As educators we can “innovate pedagogically to help students develop a high level of aptitude to interact fluently with both information and technology” (O’Connor, L., & Sharkey, J., 2013, p. 33). Our ability to innovate might at times be aided by the digital tools we chose to implement. Unfortunately, I have often assumed that quality instruction requires the mastery of digital tools prior to sharing it with my students. While technological aptitude is a necessary part of being an educator, innovation in the classroom comes in the form of allowing student-driven evaluation and choice (Dooley, 1999). A student’s ability to discriminate between useful and useless resources is also a necessary career skill. And, as Bates (n.d.) writes about in Teaching in the Digital Age, learning by doing allows for reflection, understanding, and experience. We need to give students the opportunity to practice these decision-making skills.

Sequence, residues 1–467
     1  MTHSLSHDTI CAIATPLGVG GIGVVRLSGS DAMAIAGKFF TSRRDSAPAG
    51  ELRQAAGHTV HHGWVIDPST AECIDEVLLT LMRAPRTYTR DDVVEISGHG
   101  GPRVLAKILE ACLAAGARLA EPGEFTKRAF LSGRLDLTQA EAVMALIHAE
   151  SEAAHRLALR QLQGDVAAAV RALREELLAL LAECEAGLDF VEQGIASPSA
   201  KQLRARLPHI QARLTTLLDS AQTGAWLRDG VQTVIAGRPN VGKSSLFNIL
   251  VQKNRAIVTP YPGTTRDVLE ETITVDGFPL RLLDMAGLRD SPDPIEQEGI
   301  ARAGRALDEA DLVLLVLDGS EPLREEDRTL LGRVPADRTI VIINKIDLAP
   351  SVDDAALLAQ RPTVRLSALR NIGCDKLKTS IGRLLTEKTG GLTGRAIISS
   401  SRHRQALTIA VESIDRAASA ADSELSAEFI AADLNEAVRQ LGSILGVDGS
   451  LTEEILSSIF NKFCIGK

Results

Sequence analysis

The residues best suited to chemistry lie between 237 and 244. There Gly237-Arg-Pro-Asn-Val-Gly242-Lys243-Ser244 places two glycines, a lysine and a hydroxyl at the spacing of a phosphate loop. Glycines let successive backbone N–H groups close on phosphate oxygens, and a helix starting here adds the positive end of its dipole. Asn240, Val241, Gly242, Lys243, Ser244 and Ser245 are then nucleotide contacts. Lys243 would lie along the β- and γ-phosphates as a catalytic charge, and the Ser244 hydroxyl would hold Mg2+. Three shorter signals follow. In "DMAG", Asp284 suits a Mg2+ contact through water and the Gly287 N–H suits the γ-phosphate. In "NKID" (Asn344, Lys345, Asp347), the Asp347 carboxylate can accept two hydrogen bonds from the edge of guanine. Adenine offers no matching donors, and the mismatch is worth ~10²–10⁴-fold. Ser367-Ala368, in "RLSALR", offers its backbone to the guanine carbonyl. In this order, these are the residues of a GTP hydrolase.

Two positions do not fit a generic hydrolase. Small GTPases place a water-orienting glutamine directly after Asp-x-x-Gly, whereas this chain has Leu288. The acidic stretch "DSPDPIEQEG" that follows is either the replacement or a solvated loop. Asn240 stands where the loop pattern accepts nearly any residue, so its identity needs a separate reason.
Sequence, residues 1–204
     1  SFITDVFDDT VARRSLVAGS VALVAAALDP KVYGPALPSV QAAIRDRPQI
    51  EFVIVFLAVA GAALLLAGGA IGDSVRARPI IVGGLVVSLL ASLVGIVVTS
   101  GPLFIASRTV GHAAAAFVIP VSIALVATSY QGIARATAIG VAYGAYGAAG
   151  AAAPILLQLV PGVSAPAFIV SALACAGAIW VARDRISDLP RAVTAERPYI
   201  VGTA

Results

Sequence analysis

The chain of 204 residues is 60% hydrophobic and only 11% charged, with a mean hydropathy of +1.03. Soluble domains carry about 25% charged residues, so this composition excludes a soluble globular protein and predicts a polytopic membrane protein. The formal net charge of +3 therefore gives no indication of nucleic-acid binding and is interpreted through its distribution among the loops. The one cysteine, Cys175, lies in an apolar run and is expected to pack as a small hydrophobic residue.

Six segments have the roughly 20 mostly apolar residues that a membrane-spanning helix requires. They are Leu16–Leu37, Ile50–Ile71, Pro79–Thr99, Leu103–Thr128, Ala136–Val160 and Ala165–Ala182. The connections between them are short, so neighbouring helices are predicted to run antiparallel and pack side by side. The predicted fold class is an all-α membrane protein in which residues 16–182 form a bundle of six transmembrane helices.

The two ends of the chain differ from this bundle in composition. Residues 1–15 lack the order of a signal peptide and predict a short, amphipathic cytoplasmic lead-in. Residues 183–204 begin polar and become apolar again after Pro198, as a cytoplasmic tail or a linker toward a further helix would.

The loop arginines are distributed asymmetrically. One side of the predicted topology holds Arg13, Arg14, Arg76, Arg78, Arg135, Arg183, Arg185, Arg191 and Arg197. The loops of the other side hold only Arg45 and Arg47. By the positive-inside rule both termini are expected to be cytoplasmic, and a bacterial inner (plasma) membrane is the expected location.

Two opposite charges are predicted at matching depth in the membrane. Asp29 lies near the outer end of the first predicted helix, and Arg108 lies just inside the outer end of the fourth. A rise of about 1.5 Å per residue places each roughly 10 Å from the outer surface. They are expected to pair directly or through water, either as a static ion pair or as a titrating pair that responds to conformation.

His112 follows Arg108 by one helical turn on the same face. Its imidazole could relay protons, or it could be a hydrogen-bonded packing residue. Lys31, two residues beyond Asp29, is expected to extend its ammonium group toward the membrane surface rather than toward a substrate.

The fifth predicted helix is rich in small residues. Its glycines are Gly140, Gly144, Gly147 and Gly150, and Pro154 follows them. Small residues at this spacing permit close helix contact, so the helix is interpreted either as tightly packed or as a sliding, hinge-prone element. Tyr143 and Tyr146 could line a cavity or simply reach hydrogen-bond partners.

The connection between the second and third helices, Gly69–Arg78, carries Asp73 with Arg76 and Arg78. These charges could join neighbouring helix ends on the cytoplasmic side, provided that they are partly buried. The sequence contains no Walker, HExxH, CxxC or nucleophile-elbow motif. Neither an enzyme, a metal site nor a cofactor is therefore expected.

Diffusion of Innovation

The need to foster independence and innovative thinking in our students is increasingly apparent. Rogers (1983) theorizes that innovations are disseminated via a spectrum of adopter types: innovators, early adopters, early majority, late majority, and laggards. Adoption of educational technology can also follow this pattern. We hope to educate students to become innovators like that of Leonardo Da Vinci, Nikola Tesla, The Wright Brothers, or Mark Zuckerberg. However, we may be surprised to find out that many of our students are in the majority or laggard categories of technology adoption, deliberating and waiting until it is safe or necessary to adopt a new technology (Rogers, 1983). While this could be appropriate in some situations, the better goal is to teach students to become critical evaluators of digital tools. And if as educators, we wait for personal mastery before sharing a tool, we may be enabling a generation of students who are dependent on others to make decisions for them.